'Slab' Murphy: Tax evasion jail term for alleged ex-IRA chief

Image copyright PA
Image caption Thomas 'Slab' Murphy was prosecuted after a Criminal Assets Bureau (CAB) investigation

Alleged former IRA "chief of staff", Thomas 'Slab' Murphy, has been sentenced to 18 months in jail for tax evasion.

He was convicted of nine charges at the Republic of Ireland's non-jury Special Criminal Court in December.

Murphy, who lives at Ballybinaby, Hackballscross, County Louth, on a farm that straddles the border with Northern Ireland, had denied the charges.

He was prosecuted after a Criminal Assets Bureau (CAB) investigation.

Who is 'Slab' Murphy?

Vincent Kearney, BBC News NI Home Affairs Correspondent

This was far from any ordinary, run-of-the-mill tax case.

The man involved had been a high-profile target for the police and other law enforcement agencies on both sides of the border for decades.

Thomas "Slab" Murphy claims he is just a farmer.

But he is also alleged to have been one of the most powerful figures within the Provisional IRA.

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During the trial, the court's three judges were told he had significant dealings in cattle and land and received farming grants, but failed to submit tax returns for nine years.

At a post-trial hearing earlier this month, the prosecution said Murphy owed the Irish Exchequer almost 190,000 euros (£150,000) in unpaid taxes for his farming business.

Image caption Murphy's home, on a farm in County Louth, straddles the border with Northern Ireland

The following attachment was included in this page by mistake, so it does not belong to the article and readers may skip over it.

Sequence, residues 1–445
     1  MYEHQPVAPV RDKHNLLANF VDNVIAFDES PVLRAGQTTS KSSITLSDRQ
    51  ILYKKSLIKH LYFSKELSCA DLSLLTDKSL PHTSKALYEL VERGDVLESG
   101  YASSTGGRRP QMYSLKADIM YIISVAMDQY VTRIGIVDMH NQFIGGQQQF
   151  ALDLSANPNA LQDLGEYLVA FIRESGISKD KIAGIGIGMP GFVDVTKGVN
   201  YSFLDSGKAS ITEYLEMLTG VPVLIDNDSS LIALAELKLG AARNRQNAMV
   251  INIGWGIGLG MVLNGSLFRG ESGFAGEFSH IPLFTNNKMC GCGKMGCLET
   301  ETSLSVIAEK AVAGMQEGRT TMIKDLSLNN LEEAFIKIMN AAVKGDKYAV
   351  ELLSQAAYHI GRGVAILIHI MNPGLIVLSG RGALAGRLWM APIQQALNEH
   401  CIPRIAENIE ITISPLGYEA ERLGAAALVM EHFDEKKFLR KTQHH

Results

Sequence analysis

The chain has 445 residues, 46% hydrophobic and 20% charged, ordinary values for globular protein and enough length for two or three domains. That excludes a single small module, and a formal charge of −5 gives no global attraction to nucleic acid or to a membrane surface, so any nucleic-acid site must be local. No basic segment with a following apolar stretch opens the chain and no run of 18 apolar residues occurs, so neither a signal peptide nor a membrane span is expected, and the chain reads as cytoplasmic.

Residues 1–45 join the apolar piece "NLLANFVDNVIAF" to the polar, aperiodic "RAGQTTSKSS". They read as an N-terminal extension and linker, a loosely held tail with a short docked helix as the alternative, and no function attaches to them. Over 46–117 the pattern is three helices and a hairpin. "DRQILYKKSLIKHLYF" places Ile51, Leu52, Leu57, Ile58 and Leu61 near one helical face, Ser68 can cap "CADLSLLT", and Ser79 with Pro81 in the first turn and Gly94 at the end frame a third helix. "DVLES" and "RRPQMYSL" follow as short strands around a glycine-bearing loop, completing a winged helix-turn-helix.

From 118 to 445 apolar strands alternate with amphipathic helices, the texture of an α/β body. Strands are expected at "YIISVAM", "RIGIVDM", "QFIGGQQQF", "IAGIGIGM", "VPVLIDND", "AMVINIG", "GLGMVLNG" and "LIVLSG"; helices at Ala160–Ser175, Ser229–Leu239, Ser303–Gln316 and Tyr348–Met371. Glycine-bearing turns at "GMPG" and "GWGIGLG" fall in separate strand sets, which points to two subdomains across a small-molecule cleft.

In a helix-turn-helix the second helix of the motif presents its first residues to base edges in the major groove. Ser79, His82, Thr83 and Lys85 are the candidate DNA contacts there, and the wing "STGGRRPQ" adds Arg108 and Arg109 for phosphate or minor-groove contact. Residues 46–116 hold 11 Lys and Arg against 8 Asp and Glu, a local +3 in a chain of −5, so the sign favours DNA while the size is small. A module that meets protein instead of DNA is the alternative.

During a series of raids by the CAB in 2006, officers seized significant cash sums in different currencies - 256,235 euros (£202,000) and £111,185.

They also seized 673,460 euros (£531,000) in uncashed cheques.

A number of ledgers, documents and computers were also uncovered.

Image caption CAB officials seized significant cash sums in different currencies from Murphy's home

Before they jailed Murphy, the three judges at the Special Criminal Court said they had taken a number of factors into account, including the 66-year-old's age, the amount of time he had spent on bail and his lack of previous convictions.

They also said that there had been a lot of media coverage about Murphy's alleged past, following the guilty verdict in December, but the judges added that this coverage did not influence them when they were deciding his sentence.

They said that during the case, the accused had been treated as a farmer and cattle dealer with no past or present associations.

Murphy, who works as a yardsman for a business in Crossmaglen, south Armagh, did not give evidence during the 32-day trial.

Image copyright Reuters
Image caption Murphy outside the Special Criminal Court in Dublin earlier this month

After the sentencing, a statement was issued on his behalf in which he said he was an innocent man and intended to appeal his conviction.

Speaking to journalists before Friday's hearing started, he was asked if he would go on to the republican wing if he was sent to prison.

Murphy replied: "I've no idea, I've never been in jail before."

When asked if he might now write a book on his experiences, he said: "Ah, ye (you) have all written it already."

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